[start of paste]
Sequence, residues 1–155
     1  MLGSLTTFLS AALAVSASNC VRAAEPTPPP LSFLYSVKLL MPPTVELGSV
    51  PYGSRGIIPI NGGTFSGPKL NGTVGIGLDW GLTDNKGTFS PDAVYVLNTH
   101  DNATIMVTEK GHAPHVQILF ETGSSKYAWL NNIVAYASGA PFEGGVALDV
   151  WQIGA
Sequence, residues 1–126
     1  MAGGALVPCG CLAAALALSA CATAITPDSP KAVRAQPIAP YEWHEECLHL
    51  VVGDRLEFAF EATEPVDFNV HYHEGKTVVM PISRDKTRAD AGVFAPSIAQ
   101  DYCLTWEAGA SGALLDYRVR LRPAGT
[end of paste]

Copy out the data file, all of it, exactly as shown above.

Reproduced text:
Sequence, residues 1–155
     1  MLGSLTTFLS AALAVSASNC VRAAEPTPPP LSFLYSVKLL MPPTVELGSV
    51  PYGSRGIIPI NGGTFSGPKL NGTVGIGLDW GLTDNKGTFS PDAVYVLNTH
   101  DNATIMVTEK GHAPHVQILF ETGSSKYAWL NNIVAYASGA PFEGGVALDV
   151  WQIGA
Sequence, residues 1–126
     1  MAGGALVPCG CLAAALALSA CATAITPDSP KAVRAQPIAP YEWHEECLHL
    51  VVGDRLEFAF EATEPVDFNV HYHEGKTVVM PISRDKTRAD AGVFAPSIAQ
   101  DYCLTWEAGA SGALLDYRVR LRPAGT